|Project by splintergroup||posted 11-17-2015 06:43 PM||1817 views||13 times favorited||13 comments|
These were a bit more involved than I planned, but still fun.
White Oak, some quarter sawn, some rift sawn. Ammonia fumed finish covered with maybe 4 coats of “Tung Oil” wiping varnish, sanded smooth between coats. I quote the “Tung Oil” since this product has none in it, but I like it anyway. The shades are amber mica. The copper panels are FR4 copper clad printed circuit boards I etched with the Celtic “Tree Of Life”. The patina is sawdust soaked in a standard vinegar/salt mixture, then sprinkled over the boards for 18 hours.
I’ve made these before, just not with the enthusiasm I had after seeing Tom's creations
I never could get the lamp shade “just right” and working out the angles and cuts before making a simple prototype is very time consuming. These shade dimensions have a lot going for them. The overall angles and dimensions do a good job of centering with an off-the-shelf socket cluster. They also efficiently use a standard (30”x18”) sheet of mica, which can be pricey.
I made these lamps as prototypes so I could nail down the dimensions and cut procedure. Normally I don’t obsess over dimensions but the angles and alignments here are critical. The panels slide into 0.060” slots which must align exactly on four separate parts. Normally I think of cutting a single slot, then chopping off the individual parts. Can’t go wrong with consistency there right? Well the problem is crosscutting through the slot causes the splintery Oak to flake off inside the slots. I could avoid this by placing a temporary filler strip into the slot, or just cut the slots afterwards (I choose the latter).
QS White Oak is expensive. I make my own by using the edge of an 8/4 Oak slab that is plain sawn on its face (and by definition QS on its side) to complete the column. The shade and base pieces are done the same way with 4/4 stock.
All in all, 64 individual wood pieces are needed to create one lamp. That is a lot of sawing, sanding, and finish prep work. Things like the shade pieces each require routing a rabbet for the mica. That is a lot of small part routing which I did by hand, but I have a jig in mind for next time.
Cutting the angles:
The shade angles and half lap joints are easily cut (40 degrees) with my miter gauge and stop block. Consistency here is key. The bevel angle between the shade panels ends up being 23.05 degrees to get a tight miter. I set my saw to this angle with one of those digital tilt gauges. This is the first time I used one to set up a bevel on my saw, very handy and consistent, although I don’t know how much error there is between what the gauge claimed and what the angle really is. There is some wiggle room here. You can make a cut, check the fit, adapt and cut a thin sliver off again.
With the saw angle set, a jig makes cutting this awkward angle easy!
Upper End Details:
The upper cross shade supports, what Tom called “Corbels” were mortised into the column. Tom used screws to attach these in his version, which looking back was a smart move. Much simpler and much more likely to sit flush. Cutting the tenon on these parts (with a 2 degree slope) is fraught with traps. Reworking my order of operations between the router template to cut the shape and setup for the tenon is due for a review. Too much time wasted on setup for the tenon with these prototypes.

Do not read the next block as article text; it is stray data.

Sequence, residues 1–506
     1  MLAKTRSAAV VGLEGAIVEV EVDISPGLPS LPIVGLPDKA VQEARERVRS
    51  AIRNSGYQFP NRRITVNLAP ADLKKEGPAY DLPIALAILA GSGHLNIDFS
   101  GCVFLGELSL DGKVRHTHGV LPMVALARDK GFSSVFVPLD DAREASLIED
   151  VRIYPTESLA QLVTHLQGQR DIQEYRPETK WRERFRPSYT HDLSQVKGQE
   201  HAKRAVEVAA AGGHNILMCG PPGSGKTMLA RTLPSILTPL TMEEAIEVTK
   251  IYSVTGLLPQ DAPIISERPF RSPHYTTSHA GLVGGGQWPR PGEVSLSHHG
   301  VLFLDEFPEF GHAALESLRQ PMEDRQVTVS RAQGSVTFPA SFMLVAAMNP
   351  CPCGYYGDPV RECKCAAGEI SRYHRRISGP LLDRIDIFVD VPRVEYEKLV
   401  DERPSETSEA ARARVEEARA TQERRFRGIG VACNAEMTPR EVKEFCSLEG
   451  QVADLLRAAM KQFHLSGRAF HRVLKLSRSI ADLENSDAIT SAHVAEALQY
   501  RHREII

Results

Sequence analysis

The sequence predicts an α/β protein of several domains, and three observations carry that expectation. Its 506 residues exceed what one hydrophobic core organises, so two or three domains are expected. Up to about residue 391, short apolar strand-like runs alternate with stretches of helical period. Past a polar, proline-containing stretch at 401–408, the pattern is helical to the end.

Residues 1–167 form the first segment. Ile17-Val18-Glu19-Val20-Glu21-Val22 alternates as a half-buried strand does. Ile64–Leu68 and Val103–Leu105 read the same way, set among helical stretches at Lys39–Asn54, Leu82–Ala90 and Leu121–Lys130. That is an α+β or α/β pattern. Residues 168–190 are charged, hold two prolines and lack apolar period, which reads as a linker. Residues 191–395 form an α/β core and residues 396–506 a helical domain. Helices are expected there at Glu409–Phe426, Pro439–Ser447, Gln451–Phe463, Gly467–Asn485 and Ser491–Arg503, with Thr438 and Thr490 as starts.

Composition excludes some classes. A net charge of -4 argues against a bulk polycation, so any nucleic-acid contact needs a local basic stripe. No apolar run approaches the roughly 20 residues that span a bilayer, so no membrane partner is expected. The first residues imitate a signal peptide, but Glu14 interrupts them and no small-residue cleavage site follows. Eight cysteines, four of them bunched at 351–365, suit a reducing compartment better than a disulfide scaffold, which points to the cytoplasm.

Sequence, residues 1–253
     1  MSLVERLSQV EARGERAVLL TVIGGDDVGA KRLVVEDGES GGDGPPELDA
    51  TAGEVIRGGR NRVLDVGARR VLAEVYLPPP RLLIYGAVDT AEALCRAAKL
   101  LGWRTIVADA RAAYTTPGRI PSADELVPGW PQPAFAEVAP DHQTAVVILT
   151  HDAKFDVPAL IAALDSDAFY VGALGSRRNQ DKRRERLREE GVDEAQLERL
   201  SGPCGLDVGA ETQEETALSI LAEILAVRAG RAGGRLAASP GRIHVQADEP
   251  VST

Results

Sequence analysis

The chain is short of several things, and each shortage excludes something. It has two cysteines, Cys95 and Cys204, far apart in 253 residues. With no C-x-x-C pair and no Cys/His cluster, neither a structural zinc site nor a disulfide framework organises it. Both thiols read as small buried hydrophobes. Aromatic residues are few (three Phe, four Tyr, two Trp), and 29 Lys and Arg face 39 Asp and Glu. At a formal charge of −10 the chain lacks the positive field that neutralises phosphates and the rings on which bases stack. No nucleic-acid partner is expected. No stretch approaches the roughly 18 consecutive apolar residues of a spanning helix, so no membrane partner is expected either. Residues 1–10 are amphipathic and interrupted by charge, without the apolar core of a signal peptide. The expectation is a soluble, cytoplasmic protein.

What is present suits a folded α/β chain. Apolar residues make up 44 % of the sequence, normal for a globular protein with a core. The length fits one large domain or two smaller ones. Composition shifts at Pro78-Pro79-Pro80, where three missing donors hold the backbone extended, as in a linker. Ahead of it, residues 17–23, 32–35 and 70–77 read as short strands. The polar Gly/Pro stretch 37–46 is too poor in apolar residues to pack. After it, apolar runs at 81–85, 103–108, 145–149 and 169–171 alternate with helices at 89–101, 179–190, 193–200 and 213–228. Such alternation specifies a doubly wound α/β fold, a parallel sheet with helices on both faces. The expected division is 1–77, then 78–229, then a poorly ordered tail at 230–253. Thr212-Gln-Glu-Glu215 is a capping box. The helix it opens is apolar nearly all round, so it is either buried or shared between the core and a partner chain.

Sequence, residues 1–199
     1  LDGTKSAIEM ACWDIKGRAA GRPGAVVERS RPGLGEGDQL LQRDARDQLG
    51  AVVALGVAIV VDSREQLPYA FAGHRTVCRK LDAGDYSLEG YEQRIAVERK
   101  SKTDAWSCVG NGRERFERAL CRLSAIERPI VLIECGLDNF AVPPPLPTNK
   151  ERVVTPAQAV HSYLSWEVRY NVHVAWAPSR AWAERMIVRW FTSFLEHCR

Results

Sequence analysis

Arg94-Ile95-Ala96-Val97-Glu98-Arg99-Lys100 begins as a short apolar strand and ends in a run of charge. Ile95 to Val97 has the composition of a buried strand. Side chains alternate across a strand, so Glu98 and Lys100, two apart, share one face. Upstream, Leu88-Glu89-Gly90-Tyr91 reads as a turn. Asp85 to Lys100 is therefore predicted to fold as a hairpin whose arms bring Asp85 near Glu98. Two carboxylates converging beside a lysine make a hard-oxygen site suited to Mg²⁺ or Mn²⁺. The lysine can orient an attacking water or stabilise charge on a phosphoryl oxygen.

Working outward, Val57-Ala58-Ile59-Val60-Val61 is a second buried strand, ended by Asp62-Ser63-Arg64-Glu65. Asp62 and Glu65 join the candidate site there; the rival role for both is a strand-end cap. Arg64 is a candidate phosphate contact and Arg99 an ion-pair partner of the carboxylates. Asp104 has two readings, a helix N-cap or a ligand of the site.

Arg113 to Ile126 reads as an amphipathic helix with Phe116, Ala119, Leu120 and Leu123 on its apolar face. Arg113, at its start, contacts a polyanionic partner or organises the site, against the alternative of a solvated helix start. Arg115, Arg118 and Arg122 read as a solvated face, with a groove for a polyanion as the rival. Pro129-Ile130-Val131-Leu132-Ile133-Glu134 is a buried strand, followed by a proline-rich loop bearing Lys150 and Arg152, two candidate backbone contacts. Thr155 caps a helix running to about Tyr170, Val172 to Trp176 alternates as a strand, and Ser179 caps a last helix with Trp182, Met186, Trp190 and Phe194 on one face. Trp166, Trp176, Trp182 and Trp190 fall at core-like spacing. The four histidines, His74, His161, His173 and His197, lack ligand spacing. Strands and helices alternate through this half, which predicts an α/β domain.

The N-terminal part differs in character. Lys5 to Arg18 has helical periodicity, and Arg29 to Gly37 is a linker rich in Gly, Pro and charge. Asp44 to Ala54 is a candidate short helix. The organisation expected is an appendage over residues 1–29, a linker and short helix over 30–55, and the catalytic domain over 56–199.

The lamp cluster uses a threaded shaft extending fully to the top of the shade where it can securely hold the shade in place. The ugliness is covered by a short section of copper tube (patinated of course).
Tom apparently has his shades just resting on the corbels. Overall this is very secure with the corbel notches, but knowing what it is like to live in a house with a cat made me think otherwise….
The threaded rod holds everything in compression. This allows me to avoid gluing the top piece of the base unit in place. I can easily swap out the copper parts if needed.
Copper Base Panels
These are becoming a “trademark” of things I make. Growing up as a kid, I was into electronics and made my own circuit boards. That knowledge came to use when thinking of what I could use to dress out the base. The process is left for another posting, but aside from buying the copper panels and photo resist paint, everything else requires common household products. My materials and process deviate a bit, but here is a good rundown on the process
When I get time to experiment, I’ll try the resist laminate films. Should be cheaper and easier.
The patina makes the copper work. Variations on copper patinas are endless, however I am “comfortable” with this version. It is consistent and responds well to being top coated (spray poly) to prevent flaking, etc.
I like fuming White Oak. I produces a nice color but best of all (for me) is the color penetrates the surface. I hate stains that rub away on sharp corners when I scuff between coats of finish. Fuming goes deep enough to avoid this. Dying penetrates well and has an infinite choice of colors, but tends to fade when exposed to sunlight.